01.31.17 Beyond civil disobedience: Why we need bridge-burners to smoke out Washington’s monsters
Earlier today, I read a Tweet from editor Patrick Nielsen Hayden that said, in part, “Protests are great and should continue but shaming the unshameable isn’t a plan.”
He’s right. And we’re going about this all the wrong way.
Part of the problem – the true cognitive dissonance many of us have been feeling since the inauguration – is that we are reacting to the new administration the way we would if other politicians were irritating us, or doing things we disapproved of. We opened up the rule book and it said, “Make calls.” Then it said, “Write letters.” And all along it said, “Protest. Show up and hold signs and march.”
I absolutely, wholeheartedly support such methods – and the results they may end up having.
But I utterly doubt that they will have any lasting effect that matters. This time, the rule book is bullshit.
Here’s why I didn’t march in Washington, D.C. or any other march recently: Not because I didn’t believe in the concept, but because it was like going up to a brick wall and screaming into it for hours on end. The brick wall moves not an inch, and all you’re left with is a sore throat and the sense that you did something. You took action. And now you can go home and settle in to binge-watching “The OA.”
And I don’t blame you. In most cases, millions of people taking to the street in support of a cause would have an effect. People of conscience and who actually believed in this country would hear the echoes and see the masses and think, Maybe I need to reassess.
What so many don’t seem to understand is that there is no reassessment going on here. There is no bending, there will be no rethinking. The monsters we currently have in our highest elected offices have their beliefs and ideologies firm in the cement — and they are not about actually understanding what this country was actually built on. To do any amount of rethinking or reconsidering would be to crumble their entire sense of self.
They do not actually care about America or Americans.
In their minds, here are the truths:
Men know best.
White people know better.
Only Christians can know God.
Secondarily, but no less crucially, are the other truths:
Heterosexuality is the only legitimate way of life.
Every man for himself.
Take what you can; if you don’t, someone else will.
They believe that anyone who deviates from these beliefs and corollaries is wrong, damned and unworthy of a voice.
You cannot reason with them. This is how they believe; they are the “unshameable.” They are the brick wall. They are the rocks and you are the hard place, and they will grind you into small digestible chunks before either reverting to pre-1950s standards or throwing you out of the country entirely.
Part of our problem is we watch too many movies.
I’m just as guilty as everybody else in this regard. See, in the movies we’re meant to believe that the rebel good guys are going to win. The ones who are saving the planet or the universe or the village – and yes, they will take a beating and yes they will lose loved ones and right before the Big Final Moment they will seem to be completely out of the race. That the monster only thinks he’s about to win, but in fact there’s a fatal flaw – and the hero comes roaring back to defeat the monster by exploiting that flaw.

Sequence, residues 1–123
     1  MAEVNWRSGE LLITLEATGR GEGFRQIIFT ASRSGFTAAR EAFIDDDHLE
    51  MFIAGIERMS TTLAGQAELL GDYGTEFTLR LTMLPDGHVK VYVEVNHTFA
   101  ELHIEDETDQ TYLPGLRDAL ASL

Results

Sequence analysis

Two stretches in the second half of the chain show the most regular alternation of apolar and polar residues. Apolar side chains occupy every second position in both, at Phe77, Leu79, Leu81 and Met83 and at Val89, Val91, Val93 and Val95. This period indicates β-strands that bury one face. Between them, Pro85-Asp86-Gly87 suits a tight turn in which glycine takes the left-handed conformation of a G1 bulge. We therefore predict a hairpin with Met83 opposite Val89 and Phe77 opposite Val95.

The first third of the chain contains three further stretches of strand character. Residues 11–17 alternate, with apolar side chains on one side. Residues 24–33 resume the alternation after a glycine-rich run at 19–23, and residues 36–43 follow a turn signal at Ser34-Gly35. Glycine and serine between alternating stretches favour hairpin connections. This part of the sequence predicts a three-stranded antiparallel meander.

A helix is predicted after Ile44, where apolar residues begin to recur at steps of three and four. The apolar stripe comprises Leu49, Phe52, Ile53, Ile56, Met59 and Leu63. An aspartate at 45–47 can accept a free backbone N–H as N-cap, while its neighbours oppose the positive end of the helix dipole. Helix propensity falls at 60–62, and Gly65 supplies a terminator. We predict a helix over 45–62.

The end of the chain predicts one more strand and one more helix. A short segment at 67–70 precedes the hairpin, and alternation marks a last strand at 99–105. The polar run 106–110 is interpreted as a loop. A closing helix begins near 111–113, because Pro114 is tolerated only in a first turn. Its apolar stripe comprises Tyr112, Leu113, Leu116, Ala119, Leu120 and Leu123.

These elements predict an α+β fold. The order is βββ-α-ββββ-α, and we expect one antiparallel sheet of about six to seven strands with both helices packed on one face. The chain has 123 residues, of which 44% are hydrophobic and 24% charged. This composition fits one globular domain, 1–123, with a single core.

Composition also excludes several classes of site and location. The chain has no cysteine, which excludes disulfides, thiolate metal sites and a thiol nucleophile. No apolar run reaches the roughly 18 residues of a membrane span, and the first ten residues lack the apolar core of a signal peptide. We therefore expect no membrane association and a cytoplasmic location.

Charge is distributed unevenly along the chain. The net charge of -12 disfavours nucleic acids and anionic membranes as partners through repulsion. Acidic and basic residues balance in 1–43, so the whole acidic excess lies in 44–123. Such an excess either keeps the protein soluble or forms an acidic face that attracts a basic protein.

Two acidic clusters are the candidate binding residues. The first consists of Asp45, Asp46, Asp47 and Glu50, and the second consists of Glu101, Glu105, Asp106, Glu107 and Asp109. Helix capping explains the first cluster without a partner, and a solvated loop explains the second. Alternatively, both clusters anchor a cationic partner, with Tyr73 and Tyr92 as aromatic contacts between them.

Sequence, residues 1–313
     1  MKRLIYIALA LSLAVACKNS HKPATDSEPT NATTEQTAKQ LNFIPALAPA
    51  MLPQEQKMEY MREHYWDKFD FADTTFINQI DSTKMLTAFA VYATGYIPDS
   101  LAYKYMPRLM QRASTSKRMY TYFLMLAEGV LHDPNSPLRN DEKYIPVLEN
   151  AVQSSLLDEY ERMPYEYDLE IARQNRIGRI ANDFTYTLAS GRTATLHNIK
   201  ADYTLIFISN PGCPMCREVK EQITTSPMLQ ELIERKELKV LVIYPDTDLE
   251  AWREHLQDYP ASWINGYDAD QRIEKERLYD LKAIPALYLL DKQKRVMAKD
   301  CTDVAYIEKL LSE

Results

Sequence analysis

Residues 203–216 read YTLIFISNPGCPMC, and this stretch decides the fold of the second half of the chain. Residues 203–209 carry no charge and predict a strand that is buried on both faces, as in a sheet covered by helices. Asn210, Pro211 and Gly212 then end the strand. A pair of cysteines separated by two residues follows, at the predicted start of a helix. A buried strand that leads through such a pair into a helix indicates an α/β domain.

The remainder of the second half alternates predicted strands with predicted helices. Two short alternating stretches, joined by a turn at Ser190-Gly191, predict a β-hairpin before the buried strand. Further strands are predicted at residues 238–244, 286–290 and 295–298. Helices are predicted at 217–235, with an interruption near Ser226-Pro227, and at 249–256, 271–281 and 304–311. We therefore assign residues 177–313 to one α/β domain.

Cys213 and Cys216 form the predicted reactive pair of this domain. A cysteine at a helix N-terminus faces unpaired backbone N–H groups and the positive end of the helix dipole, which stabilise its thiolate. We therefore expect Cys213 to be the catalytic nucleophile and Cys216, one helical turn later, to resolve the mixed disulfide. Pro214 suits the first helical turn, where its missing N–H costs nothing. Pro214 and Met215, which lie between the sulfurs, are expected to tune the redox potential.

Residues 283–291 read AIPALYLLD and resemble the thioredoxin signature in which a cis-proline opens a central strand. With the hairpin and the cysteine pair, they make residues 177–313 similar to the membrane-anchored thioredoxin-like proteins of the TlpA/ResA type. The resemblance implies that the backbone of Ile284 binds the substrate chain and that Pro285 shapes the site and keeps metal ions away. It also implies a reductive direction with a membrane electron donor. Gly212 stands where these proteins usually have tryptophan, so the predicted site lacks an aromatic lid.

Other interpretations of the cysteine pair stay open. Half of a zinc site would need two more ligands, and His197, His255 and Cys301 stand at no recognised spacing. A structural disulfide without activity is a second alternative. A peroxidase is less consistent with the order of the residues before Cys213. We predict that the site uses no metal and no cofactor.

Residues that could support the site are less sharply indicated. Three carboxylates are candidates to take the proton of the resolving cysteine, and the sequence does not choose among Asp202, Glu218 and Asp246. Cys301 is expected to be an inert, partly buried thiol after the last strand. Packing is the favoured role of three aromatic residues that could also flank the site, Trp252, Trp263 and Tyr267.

That is a story.
The thing is, in this case, the monsters in the administration think that they are the heroes. They are the ones who are saving everybody – and by “everybody” they mean “themselves.” They are the oppressed, the ones who have been forced to share, forced to live under others’ belief that the world contains multitudes. They feel – and perhaps even genuinely – that this is their own last stand. That they had to lie on the floor for the last eight years while the rest of us prepared for our final blow. And now, look at them! They have risen in the final act! They are in charge and they have won!
That, too is a story. And we are the sum of the stories we tell ourselves.
Here is the thing: I don’t have good answers. I don’t have a solution at the end of all of this to say, “Here’s what I would do and here is how I would fix it.” I think there is not a good way around any of this. The horrors already perpetrated by the administration days into it are doing as they were meant to – scare us all, and purge the nonbelievers (former acting Attorney General Sally Yates is a heroine, certainly, but we’ll always wonder if she could have done more with quiet, extended undermining). The purges will continue until after just a few months the monsters will be left with a scrubbed-clean set of advisers and lackeys and flunkies and toadies who will simply say, “Yes, your worship.”
Edit to add this related article: The Immigration Ban is a Headfake, and We’re Falling For It
What I would hope from anyone who’s gotten this far is to ask that you re-think your strategy. Figure out exactly how to best use your energies. Is your outrage best used in a directed, single-ditch effort that burns every bridge or are you best served in slow, persistent poking of holes in the dike? We all have different answers to this. I personally believe every oppositional elected official needs to be ready to burn all the bridges – and go to prison if necessary – to eradicate the monsters.
Because we are not going to change their minds. We are not going to come up with a meme that asks the crucial salient “why” or makes a witty remark that somehow turns the tide. Not one Facebook post or online petition matters to them. Not one pink crocheted hat. We need bridge-burners. We need the disobedient. We need those who will upend their lives, not just for a weekend but ongoing. We need actual bravery.
So far, we’re hearing a lot of sound and fury.
And the monsters have moved into Maple Street.
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